fbpx
Hundreds took to St Peter’s Square for ‘End Spiking Now’ protests in Manchester last night, The Manc

Hundreds took to St Peter’s Square for ‘End Spiking Now’ protests in Manchester last night

“The message is clear – enough is enough.”

Hundreds gathered in St Peter’s Square last night to protest against the rise in drink spiking in Manchester and across the UK.

ADVERTISEMENT

On what is typically the biggest day of the week for student nights out, rafts of young people chose to boycott nightclubs on Wednesday night and instead take to city centre hubs up and down the UK to stand in solidarity and demand that drink spiking and needle spiking be taken seriously by authorities amid a recent rise in incidents.

Manchester’s ‘End Spiking Now’ demo last night was called for by local groups under the initiative ‘Girls Night In‘, and the boycott was part of UK-wide protests against spiking in clubs and bars.

Opening the Manchester demonstration in front of at least 1,000 young people, according to The Guardian, 21-year-old student Lucy Nichols declared “an emergency response to an emergency situation”, explaining that there is a “spiking epidemic” sweeping the UK and adding that: “Every single women here will have a story about them or one of their friends being spiked.

ADVERTISEMENT

“Now we can’t even do the age-old trick of covering up our drinks, because they are spiking us with needles now too.”

Striking images from last night’s demonstrations were shared on social media.

Photos shared to social media showed demonstrators holding up banners with a wide range of phrases and rallying cries, including one that said “The only injection I want is Pfizer!” and another saying “Pankhurst would be PISSED” close to the statue of the Mancunian suffragette in St Peter’s Square.

ADVERTISEMENT

“I have never felt safe”, “Educate your sons”, and “Stop spiking us you freaks” were more examples of banners to sum up why the demonstrations are taking place.

Following the gathering and collection of speakers in St Peter’s Square, in a defiant stance, one of the organisers encouraged the crowd to walk with them through the streets of the city centre.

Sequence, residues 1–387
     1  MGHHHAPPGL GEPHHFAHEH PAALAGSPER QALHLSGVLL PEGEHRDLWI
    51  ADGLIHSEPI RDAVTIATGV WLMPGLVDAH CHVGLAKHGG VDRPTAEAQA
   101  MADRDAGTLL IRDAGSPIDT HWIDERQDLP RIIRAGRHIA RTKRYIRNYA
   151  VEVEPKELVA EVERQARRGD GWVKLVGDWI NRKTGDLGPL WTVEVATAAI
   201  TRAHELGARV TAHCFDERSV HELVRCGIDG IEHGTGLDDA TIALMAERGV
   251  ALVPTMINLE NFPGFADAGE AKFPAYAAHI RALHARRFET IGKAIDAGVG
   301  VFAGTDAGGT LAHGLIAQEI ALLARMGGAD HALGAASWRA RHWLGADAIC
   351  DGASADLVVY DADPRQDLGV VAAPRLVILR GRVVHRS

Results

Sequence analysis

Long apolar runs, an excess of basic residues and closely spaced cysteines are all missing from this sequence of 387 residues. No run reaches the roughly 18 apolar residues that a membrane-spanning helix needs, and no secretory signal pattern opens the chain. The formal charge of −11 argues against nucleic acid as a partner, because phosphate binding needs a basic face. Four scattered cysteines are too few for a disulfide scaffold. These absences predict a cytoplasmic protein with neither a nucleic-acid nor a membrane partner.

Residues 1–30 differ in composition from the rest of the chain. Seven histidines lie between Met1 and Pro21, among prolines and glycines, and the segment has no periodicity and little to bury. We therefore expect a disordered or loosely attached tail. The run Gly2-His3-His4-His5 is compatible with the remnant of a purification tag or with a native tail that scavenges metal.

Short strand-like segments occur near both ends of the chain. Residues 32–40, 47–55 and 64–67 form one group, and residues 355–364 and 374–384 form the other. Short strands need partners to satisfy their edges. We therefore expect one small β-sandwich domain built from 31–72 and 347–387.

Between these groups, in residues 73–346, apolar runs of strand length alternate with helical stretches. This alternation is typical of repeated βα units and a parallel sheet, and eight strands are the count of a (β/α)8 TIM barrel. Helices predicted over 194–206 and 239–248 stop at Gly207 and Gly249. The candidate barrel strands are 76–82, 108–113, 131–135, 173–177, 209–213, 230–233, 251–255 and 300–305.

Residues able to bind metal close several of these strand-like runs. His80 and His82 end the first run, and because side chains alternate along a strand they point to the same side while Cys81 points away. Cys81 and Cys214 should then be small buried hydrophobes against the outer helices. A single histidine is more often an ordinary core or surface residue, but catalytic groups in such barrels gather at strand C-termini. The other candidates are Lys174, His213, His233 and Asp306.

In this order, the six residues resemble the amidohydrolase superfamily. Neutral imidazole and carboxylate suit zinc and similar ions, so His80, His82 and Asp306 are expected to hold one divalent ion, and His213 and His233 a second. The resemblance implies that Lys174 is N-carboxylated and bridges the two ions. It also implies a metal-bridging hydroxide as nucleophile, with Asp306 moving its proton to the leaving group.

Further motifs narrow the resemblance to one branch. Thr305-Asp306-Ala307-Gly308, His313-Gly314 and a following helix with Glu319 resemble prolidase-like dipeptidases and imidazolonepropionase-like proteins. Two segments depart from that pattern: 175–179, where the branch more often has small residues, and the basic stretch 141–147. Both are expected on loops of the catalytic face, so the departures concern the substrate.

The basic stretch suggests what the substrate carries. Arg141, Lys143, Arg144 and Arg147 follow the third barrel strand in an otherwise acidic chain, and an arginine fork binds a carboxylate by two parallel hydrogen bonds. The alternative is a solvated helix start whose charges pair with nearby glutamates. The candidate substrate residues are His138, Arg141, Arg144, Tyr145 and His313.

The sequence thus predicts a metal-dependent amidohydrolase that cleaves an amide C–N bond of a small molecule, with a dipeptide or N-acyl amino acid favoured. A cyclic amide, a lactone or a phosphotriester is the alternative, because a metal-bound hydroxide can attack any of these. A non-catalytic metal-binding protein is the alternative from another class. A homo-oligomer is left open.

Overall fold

They began walking down Oxford Road, chanting: “Whose streets? Our streets”.

Mayor of Greater Manchester Andy Burnham was also in attendance at the protest last night, alongside Greater Manchester’s Night Time Economy Adviser and co-founder of the Warehouse Project, Sacha Lord.

ADVERTISEMENT

Helen Pidd – The Guardian’s North of England Editor – explained that she spoke to the mayor following the protest last night, and relayed in a tweet that he said: “This one is on us: men, lads, boys.

“That might mean calling out mates for their behaviour or it might mean changing our own behaviour.”

Sacha Lord also said on Twitter this morning: “Last night, myself and Andy Burnham attended the boycott to show support and listen. We will continue to meet and work with the organisers and I’d urge other city regions to do so too.

“The message is clear – enough is enough.”

ADVERTISEMENT

A number of nightclubs in Manchester city centre – including student hotspots 42nd Street and The Venue – announced ahead of the boycotts and demonstrations last night that they would be closing doors to show support.

Other local venues, promoters, and campaign groups have also spoken out.

As well as organising the boycott and last night’s demonstrations, women have launched a petition calling on the government to make it a legal requirement for nightclubs to thoroughly search guests on entry.

Protestors in Manchester have also penned an open letter to Andy Burnham and other leaders at Greater Manchester Combined Authority (GMCA) setting out demands, including that GMCA provides bars and nightclubs with anti-spiking devices, enforce more staff training, and create a toolkit for women detailing measures venues should have in place in order to be licensed.

The group would also like to see designated employees on hand to deal with problems of spiking and harassment, as well as for venues to produce their own clear procedures on how to deal with such incidents.

ADVERTISEMENT

The key focus is for women’s safety to be made more of a priority and for this to be clear to both staff and customers who are visiting any venue in Manchester.

Featured Image & Thumbnail – Twitter / Instagram (@manc_wanderer)

Total
62
Shares
Related Posts
Woman from Manchester travelled to Liverpool house party then attacked police officers, The Manc
Read More

Woman from Manchester travelled to Liverpool house party then attacked police officers

[siteorigin_widget class=”SiteOrigin_Widget_PanelImage_Widget”][/siteorigin_widget] [siteorigin_widget class=”SiteOrigin_Widget_PanelText_Widget”][/siteorigin_widget] [siteorigin_widget class=”SiteOrigin_Widget_PanelImage_Widget”][/siteorigin_widget] [siteorigin_widget class=”SiteOrigin_Widget_PanelText_Widget”][/siteorigin_widget] [siteorigin_widget class=”SiteOrigin_Widget_PanelImage_Widget”][/siteorigin_widget]
You can now get a sun lounger just for your dog, The Manc
Read More

You can now get a sun lounger just for your dog

[siteorigin_widget class=”SiteOrigin_Widget_PanelImage_Widget”][/siteorigin_widget] [siteorigin_widget class=”SiteOrigin_Widget_PanelText_Widget”][/siteorigin_widget] [siteorigin_widget class=”SiteOrigin_Widget_PanelImage_Widget”][/siteorigin_widget] [siteorigin_widget class=”SiteOrigin_Widget_PanelText_Widget”][/siteorigin_widget]